© Copyright 2006 Rogers Publishing Ltd. The following article first appeared in the February 2005 edition of BENEFITS CANADA magazine.
In this new era of pension funding crises and labour shortages, employers need to examine long-held notions about retirement. The result could be much-needed changes to both pensions and healthcare programs.

Monsanto. Stelco. Transamerica. Air Canada. The pension plans of all of these organizations, among others, were headline news in 2004. Some cut benefits, some fought regulators and some had conflicts arising from business acquisitions. More headlines have abounded over the past couple of years about Canada’s “pension funding crisis”, and others even rang the death knell for defined benefit(DB) pension plans.

There has never been more news about pensions, and most of it seems to be bad. How has this bad news affected the average Canadian’s retirement expectations? A recent national poll commissioned by TD Waterhouse showed, somewhat surprisingly, that Canadians are “generally not stressed about retirement planning.” Why? According to Patricia Lovett-Reid, senior vice-president at TD Waterhouse in Toronto, “The findings are further evidence of a major shift in how Canadians think about retirement. It would appear that an aging population base, looming labour shortages, the decline in DB pension plans and lower expectations of income from retirement investments have created a ‘perfect storm’ that is blowing away long-held notions of life after 65.”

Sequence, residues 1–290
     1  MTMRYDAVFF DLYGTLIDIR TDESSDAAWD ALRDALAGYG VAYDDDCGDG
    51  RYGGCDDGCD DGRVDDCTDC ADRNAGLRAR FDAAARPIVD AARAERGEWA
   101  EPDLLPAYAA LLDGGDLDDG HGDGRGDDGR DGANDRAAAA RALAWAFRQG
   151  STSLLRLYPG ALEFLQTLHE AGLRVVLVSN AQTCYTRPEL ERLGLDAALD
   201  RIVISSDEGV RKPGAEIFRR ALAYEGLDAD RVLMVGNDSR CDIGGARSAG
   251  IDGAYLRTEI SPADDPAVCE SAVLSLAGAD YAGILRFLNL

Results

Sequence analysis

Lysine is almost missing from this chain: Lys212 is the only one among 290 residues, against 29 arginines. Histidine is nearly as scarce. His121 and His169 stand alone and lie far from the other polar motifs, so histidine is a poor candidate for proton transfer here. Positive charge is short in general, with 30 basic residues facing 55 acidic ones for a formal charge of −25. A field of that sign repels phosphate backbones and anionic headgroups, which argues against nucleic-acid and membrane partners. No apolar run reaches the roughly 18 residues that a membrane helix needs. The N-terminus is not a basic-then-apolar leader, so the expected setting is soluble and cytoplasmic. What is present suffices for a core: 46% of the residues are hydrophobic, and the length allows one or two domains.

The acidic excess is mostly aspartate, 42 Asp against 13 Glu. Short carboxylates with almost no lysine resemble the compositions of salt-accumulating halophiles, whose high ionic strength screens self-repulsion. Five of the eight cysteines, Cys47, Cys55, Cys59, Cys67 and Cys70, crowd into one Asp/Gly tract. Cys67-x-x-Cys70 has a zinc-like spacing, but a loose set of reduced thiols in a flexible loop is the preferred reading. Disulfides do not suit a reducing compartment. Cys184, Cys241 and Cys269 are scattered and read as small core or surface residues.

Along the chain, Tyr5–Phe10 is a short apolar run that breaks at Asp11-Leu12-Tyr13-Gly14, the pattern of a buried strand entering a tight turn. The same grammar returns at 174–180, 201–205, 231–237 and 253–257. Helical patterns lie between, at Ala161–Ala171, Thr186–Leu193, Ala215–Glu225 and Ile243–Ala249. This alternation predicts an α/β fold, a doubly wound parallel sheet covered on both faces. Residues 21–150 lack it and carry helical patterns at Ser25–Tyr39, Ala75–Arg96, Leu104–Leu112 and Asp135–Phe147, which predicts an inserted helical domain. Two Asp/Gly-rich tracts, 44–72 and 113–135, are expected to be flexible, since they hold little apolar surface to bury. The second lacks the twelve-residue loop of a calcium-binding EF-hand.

At the same time, and even more in the forefront of public attention, there are significant concerns over the health of our healthcare system. The sizeable portion of healthcare resources currently consumed by retirees will also inevitably have a significant impact on retirement expectations and attitudes.

As we enter the second half of the first decade of the new millennium, we find Canadians, with some surprising complacency, giving up on their traditional retirement dreams. At the same time, pension experts cry for regulatory reforms to preserve the traditions of the Canadian pension system and dire predictions are made about healthcare sustainability.

If Canadians are abandoning traditional notions of retirement, perhaps the healthcare and pension industries and employer sponsors of benefits and pension programs need also to begin rethinking retirement. In the face of longer life spans, an aging(and healthier)population, possible labour shortages and the transition from muscle labour to mental labour, it seems inescapable that the concept of “retirement,” and therefore traditional retirement and benefits programs, must also change.

The result of rethinking retirement will likely alter how we approach benefits and retirement program design. Etymology can be a useful starting point in a rethinking process. Consider the Merriam-Webster dictionary’s definitions of retirement: (1)an act of retiring: the state of being retired; withdrawal from one’s position or occupation or from active working life; the age at which one normally retires;(2)a place of seclusion or privacy.